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 Post subject: Re: Lessons Learned
PostPosted: Sat May 24, 2014 12:33 pm 
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Joined: Sun Oct 21, 2012 1:34 pm
Posts: 340
Very informative Sailor. I am fairly new to Japanese waterstone sharpening, but I have been able to put a good edge on my knives, it just takes me longer..
I start with the Latte, your article tells me to stay with the Latte a little longer, then a little shorter on the other stones in the progression.
Many thanks for the great article.


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 Post subject: Re: Lessons Learned
PostPosted: Sat May 24, 2014 7:39 pm 

Joined: Tue Jul 24, 2012 1:28 pm
Posts: 512
Hi phillysco, thank you.
Patience with that great Latte of yours will leave you rewarded when you move to a finer grit, let that coarse stone do it's magic, get the knife sharp, really sharp on it before you advance. You won't have to spend a lot of time on the finer grits, it's not so much a rule of mine, i.e. more time on the coarse stone then the finer stone, it just happens that way. If I spend 15 minutes on one knife, 9 of those minutes is on a coarse stone (s). Again, this is a lesson learned from previous mistakes on my part by jumping up in grit too early, thinking a 2k or 5k stone for example would erase the mistakes generated by my impatience.


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 Post subject: Re: Lessons Learned
PostPosted: Sat May 24, 2014 8:09 pm 

Joined: Tue Jul 24, 2012 1:28 pm
Posts: 512
LL 5 - Stropping.
Again, these are just my own personal observations, we all do things a little differently but I know we can all accomplish what we set out to do with regards to making a dull knife sharp, there is more than one path for sure.
Stropping my knives was something that came later in the game for me, I didn't quite understand what the purpose was, the technique seemed simple enough, but what the heck was a micron and why did I need those sprays on my leather or nano cloth. I didn't know but it seemed like the right thing to do because my mentors did it. That was a while ago now and I have used many different products, different leathers, including the ultra smooth kangaroo hide, heck if an animal had skin I probably bought it. Balsa, nano cloth and newspaper print and some really nice leather strops that I purchased online. I don't use any of those now, obviously they do the job, very nicely but I found something that works better for me. I found that no matter how careful I was, I was cutting the leather, it always felt dirty and gritty to me and after 2 years I gave up, it wasn't working for me.

Then I tried stropping on a wonderful water stone that I have, a Sigma Power Select 2, 13, 000 grit. Now when I do strop, if you can call it stropping, basically I am just using extremely delicate trailing strokes, sometimes I feel like I'm trying to pin back in a grenade, I really focus on what is the final stage and there is absolutely no pressure added from me. The stone is wet and there is a slurry from a good quality nagura stone on top and it's 4 -6 strokes only. This is not something I do just for the sake of doing it, I tested this approach in two professional kitchens with the help of the Executive Chefs. I wanted to prove that what I was doing was making a difference, I thought it did, but what would these nit pickers think, these are gentleman who have been kind enough to let me sharpen their knives for 2 years. ( It is through watching them at work that I came to appreciate folks like Melampus and others in the industry). Anyway, not to drag this out, they did feel a little improvement, and that's all I was hoping for, we did several tests on veggies and fruit and at the end of the day I'm still happy with this method, I won't go back because it works for me.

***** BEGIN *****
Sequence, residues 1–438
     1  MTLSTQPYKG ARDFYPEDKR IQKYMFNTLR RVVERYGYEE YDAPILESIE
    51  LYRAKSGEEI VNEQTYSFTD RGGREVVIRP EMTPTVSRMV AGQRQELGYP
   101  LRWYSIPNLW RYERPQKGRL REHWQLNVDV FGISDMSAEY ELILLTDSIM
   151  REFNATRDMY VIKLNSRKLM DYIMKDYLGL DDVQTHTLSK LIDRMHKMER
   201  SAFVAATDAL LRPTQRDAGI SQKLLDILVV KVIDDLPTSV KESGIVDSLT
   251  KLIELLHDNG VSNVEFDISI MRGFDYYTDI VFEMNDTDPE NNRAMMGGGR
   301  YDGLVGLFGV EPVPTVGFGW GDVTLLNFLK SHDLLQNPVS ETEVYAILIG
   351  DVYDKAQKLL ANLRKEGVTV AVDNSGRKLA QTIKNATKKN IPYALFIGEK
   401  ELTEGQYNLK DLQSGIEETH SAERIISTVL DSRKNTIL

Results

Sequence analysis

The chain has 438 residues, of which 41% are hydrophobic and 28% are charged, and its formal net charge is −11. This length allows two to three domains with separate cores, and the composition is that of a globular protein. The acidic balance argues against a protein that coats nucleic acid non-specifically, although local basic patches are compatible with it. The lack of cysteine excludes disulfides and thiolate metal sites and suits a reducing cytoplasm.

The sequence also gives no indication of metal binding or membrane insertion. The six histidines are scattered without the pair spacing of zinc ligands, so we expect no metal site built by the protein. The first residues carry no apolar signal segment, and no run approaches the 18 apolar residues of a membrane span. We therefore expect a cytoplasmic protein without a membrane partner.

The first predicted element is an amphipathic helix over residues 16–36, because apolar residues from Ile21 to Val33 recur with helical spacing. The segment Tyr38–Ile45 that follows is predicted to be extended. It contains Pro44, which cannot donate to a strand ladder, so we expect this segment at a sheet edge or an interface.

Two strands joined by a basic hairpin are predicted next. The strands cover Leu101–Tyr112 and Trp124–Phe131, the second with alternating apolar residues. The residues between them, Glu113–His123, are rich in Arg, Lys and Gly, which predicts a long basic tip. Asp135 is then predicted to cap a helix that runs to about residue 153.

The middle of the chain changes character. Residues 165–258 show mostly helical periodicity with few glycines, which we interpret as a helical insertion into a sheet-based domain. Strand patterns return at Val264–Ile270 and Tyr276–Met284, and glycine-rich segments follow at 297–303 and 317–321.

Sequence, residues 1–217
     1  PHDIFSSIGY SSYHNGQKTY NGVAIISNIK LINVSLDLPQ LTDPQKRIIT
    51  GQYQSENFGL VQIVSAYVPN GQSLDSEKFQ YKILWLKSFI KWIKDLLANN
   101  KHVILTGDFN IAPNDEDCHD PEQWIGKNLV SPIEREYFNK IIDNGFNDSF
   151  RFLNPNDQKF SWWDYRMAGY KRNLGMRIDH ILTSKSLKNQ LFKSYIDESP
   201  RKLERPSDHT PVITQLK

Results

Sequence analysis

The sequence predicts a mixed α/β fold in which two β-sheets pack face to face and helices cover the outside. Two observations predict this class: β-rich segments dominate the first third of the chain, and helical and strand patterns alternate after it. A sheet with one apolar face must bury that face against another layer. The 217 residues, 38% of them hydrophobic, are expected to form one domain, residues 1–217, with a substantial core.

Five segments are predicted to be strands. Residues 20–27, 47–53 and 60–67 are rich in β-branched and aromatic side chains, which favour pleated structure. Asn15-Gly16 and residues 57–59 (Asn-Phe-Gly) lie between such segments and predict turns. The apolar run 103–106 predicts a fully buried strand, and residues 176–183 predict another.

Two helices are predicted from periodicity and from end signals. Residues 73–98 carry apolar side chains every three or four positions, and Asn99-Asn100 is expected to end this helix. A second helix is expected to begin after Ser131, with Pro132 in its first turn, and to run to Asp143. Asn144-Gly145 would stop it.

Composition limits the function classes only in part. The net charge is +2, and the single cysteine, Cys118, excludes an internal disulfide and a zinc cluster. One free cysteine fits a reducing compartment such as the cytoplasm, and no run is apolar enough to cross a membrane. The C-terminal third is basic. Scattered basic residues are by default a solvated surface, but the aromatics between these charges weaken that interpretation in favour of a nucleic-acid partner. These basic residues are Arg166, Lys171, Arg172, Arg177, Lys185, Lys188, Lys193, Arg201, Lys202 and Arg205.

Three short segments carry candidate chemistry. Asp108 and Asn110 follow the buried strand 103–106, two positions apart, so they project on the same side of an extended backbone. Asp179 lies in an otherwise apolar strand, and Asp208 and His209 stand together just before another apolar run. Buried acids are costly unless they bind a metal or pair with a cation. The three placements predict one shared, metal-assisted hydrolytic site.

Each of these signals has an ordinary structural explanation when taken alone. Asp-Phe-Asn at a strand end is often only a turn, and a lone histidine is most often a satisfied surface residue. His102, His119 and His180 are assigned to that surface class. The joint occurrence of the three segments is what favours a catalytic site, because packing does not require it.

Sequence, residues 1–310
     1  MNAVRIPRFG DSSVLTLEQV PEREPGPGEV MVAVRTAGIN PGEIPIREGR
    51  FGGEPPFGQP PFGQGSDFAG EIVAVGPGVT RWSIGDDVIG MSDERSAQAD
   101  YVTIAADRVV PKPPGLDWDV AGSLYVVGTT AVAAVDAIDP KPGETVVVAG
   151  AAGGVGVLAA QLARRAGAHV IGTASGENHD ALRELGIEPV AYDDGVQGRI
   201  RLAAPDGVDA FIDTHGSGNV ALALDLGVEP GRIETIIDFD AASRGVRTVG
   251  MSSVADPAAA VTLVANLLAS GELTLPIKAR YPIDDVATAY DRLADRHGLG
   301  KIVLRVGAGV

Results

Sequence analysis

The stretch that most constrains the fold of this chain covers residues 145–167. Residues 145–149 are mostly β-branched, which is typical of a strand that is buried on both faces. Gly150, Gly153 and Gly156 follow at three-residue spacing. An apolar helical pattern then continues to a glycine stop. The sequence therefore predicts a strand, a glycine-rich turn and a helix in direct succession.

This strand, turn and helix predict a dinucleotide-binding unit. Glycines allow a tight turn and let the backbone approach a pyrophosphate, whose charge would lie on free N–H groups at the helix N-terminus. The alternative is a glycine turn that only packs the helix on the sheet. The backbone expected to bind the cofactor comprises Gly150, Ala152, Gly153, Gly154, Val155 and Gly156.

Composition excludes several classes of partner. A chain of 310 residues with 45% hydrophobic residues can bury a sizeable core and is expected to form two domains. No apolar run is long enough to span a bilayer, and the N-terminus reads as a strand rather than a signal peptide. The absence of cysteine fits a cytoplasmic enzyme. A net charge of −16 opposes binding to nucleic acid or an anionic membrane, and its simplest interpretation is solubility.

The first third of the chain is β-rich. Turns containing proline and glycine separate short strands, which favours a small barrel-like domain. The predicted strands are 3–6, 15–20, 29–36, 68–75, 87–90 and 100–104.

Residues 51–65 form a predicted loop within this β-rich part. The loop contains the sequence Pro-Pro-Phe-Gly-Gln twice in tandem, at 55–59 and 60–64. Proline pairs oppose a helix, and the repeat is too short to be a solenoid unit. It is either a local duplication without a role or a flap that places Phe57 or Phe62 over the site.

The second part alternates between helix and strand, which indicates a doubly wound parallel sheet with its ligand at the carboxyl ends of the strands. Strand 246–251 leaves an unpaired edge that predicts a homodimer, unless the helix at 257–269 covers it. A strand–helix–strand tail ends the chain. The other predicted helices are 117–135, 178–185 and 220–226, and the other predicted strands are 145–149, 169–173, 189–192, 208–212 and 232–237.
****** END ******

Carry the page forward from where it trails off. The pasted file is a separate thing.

My Lesson Learned here was that it is important to not only be open to other things but choose a course of action that build layers of confidence, methods that leave you patting yourself on the back. Now is that 13k stone better than some pristine bovine laden with CBN spray or the exquisite roo leather.....it is better for me that's all, I am no way suggesting it is better for you.

(As for the 13K stone, I picked it up because of a great review I read on it from someone I trust, it was compared to the Chosera 10k but I don't know if that is true, I have not had the pleasure yet of using that particular stone.)


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 Post subject: Re: Lessons Learned
PostPosted: Thu Jun 12, 2014 3:11 am 
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Joined: Thu Nov 22, 2012 4:17 am
Posts: 4216
Very good read Peter, That is when my sharpening went to another level is when I decided to experiment with stropping. I too have a technique and materials that seem to work best for me but I'm always trying something new, well, just because you never know.

Thanks again for sharing your experiences and will be watching for the next lesson in case I haven't learned yet! ;)



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